More than 70 medals in honor of their valor, spanning from Bronze Stars, Silver Stars, distinguish Service Cross’, Purple Hearts and one Congressional Medal of Honor
Entered the Army Air Force as a private and worked his way to the rank of Colonel. During World War II, Stewart served as a bomber pilot, his service record crediting him with leading more than 20 missions over Germany, and taking part in hundreds of air strikes during his tour of duty. Stewart earned the Air Medal, the Distinguished Flying Cross, France’s Croix de Guerre, and 7 Battle Stars during World War II. In peace time, Stewart continued to be an active member of the Air Force as a reservist, reaching the rank of Brigadier General before retiring in the late 1950s.
(Mega-Movie Star when war broke out) Although he was beyond the draft age at the time the U.S. entered WW II, Clark Gable enlisted as a private in the AAF on Aug. 12, 1942 at Los Angeles. He attended the Officers’ CandidateSchool at Miami Beach, Fla. and graduated as a second lieutenant on Oct. 28, 1942. He then attended aerial gunnery school and in Feb. 1943 he was assigned to the 351st Bomb Group at Polebrook where flew operational missions over Europe in B-17s. Capt. Gable returned to the U.S. in Oct. 1943 and was relieved from active duty as a major on Jun. 12, 1944 at his own request, since he was over-age for combat.
George C. Scott
Most Decorated serviceman of WWII and earned: Medal of Honor, Distinguished Service Cross, 2 Silver Star Medals, Legion of Merit, 2 Bronze Star Medals with “V”, 2 Purple Hearts, U.S. Army Outstanding Civilian Service Medal, Good Conduct Medal, 2 Distinguished Unit Emblems, American Campaign Medal, European-African-Middle Eastern Campaign Medal with One Silver Star, Four Bronze Service Stars (representing nine campaigns) and one Bronze Arrowhead (representing assault landing at Sicily and Southern France) World War II Victory Medal Army of Occupation Medal with Germany Clasp, Armed Forces Reserve Medal, Combat Infantry Badge, Marksman Badge with Rifle Bar, Expert Badge with Bayonet Bar, French Fourragere in Colors of the Croix de Guerre, French Legion of Honor, Grade of Chevalier, French Croix de Guerre With Silver Star, French Croix de Guerre with Palm, Medal of Liberated France, Belgian Croix de Guerre 1940 Palm.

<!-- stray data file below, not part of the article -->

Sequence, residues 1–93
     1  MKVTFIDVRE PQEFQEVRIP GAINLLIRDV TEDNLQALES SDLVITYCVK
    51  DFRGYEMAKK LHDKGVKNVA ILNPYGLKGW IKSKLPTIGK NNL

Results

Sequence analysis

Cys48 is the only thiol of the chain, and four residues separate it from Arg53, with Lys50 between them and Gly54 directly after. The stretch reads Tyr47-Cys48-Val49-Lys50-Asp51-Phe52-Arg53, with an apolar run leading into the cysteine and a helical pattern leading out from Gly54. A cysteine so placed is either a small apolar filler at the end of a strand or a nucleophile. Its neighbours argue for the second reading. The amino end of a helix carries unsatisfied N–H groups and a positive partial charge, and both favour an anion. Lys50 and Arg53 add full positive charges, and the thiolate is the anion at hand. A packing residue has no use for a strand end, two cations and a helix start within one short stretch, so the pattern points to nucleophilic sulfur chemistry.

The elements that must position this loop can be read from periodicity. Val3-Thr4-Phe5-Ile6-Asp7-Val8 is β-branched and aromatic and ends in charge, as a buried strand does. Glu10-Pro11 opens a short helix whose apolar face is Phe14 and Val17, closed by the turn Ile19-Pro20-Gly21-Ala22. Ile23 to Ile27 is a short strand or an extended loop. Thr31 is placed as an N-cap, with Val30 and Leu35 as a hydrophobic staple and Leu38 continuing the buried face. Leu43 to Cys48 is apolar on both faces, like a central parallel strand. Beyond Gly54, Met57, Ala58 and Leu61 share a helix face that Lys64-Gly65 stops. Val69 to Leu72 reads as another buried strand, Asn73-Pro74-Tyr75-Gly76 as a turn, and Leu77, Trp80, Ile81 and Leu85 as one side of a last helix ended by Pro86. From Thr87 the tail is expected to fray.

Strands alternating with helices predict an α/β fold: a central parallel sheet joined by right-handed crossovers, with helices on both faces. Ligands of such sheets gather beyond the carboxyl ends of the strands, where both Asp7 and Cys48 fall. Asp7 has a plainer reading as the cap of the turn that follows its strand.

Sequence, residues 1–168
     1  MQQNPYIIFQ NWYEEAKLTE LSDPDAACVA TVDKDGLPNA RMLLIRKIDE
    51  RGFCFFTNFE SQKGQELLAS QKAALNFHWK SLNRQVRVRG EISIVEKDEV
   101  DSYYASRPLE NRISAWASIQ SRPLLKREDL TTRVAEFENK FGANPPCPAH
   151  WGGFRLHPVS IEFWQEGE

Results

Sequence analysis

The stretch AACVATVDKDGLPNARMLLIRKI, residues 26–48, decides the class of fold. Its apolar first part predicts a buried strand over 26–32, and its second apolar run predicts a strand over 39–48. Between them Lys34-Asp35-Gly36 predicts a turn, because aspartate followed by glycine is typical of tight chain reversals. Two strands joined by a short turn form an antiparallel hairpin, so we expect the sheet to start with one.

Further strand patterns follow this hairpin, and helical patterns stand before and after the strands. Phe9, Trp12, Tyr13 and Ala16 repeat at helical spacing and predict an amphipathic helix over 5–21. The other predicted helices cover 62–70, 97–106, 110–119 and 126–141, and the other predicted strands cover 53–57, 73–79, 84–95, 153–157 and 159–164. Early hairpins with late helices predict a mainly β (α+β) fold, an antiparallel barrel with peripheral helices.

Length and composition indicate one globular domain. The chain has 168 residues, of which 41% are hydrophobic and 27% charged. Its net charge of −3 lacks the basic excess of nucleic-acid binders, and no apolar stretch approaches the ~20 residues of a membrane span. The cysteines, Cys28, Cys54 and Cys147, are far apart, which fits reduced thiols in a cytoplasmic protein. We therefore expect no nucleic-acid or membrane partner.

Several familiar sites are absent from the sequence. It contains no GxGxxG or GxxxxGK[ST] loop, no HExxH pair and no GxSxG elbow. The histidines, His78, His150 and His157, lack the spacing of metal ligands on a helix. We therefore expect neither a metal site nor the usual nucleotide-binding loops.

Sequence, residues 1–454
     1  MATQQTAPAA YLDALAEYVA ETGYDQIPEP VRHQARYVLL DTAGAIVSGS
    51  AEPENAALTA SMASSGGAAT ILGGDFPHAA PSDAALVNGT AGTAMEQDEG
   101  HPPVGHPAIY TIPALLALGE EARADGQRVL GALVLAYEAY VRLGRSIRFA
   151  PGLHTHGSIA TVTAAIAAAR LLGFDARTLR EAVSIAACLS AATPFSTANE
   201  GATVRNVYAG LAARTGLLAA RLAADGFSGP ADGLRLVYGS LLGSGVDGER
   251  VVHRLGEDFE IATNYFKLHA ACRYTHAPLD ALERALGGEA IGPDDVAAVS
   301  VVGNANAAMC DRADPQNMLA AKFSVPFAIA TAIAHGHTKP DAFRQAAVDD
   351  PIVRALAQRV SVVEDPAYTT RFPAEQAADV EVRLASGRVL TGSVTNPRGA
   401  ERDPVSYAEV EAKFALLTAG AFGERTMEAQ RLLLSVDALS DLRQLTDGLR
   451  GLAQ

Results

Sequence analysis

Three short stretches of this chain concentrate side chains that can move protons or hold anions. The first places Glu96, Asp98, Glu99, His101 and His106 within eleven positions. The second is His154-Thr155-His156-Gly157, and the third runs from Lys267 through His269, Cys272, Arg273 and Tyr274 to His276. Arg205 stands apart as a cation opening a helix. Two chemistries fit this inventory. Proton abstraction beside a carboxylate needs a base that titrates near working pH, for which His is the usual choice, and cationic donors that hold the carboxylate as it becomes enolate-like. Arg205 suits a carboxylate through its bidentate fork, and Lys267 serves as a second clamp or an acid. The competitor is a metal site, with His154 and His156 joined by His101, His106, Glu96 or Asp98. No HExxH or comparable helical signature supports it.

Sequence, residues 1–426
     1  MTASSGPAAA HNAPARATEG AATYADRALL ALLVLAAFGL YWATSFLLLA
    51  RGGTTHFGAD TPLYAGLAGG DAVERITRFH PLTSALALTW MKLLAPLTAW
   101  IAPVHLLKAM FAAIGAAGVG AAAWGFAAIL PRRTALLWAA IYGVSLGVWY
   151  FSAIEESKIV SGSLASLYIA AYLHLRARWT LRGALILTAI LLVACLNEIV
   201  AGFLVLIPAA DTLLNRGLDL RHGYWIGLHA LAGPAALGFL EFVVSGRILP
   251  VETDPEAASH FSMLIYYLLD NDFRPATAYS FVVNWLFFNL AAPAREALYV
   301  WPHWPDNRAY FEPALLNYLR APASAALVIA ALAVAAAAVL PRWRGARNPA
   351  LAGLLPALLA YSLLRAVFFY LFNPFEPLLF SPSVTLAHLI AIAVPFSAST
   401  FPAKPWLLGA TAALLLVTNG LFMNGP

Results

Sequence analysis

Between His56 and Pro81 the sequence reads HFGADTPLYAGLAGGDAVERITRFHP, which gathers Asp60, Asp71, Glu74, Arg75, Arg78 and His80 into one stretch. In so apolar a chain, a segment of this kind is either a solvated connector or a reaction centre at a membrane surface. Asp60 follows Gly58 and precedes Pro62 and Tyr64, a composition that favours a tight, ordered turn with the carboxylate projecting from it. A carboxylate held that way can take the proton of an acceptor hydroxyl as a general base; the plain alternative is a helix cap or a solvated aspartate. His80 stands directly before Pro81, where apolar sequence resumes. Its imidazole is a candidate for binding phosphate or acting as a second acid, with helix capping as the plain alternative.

Due to his colour-blindness, Newman was denied a pilot’s licence and instead was consigned to radio operations and gunnery detail. Served in the Torpedo Squadron aboard the U.S carrier USS Bunker Hill. His squadron was ordered to reinforce this carrier, but his pilot was unable to fly due to illness. The rest of his squadron were destroyed by kamikaze attacks on the carrier shortly afterwards.
Arthur was one of the first women to become an active-duty United States Marine. She volunteered and served during World War II as a truck driver and a typist in the Marine Corps. She was stationed at Marine Corps and Navy air stations in Virginia and North Carolina. During her military career, Arthur’s rank went from private to corporal to sergeant to staff sergeant, the title she held upon her honorable discharge in September 1945.
While working in a factory inspecting parachutes in 1944, was photographed by the Army as a promotion to show women on the assembly line contributing to the war effort. One of the photographers, David Conover, asked to take further pictures of her. By spring of 1945, she was quickly becoming known as a “photographers dream” and had appeared on 33 covers of national magazines. Traveled with Bob Hope for USO Tours.
Served in the U.S. Army during WW II and was severely wounded in the Battle of Anzio, leading to a lifelong limp. His military awards and medals include: the Bronze Star; the Purple Heart; the European-African-Middle Eastern Campaign Medal with three bronze star devices; World War II Victory Medal; and the Combat Infantryman’s Badge.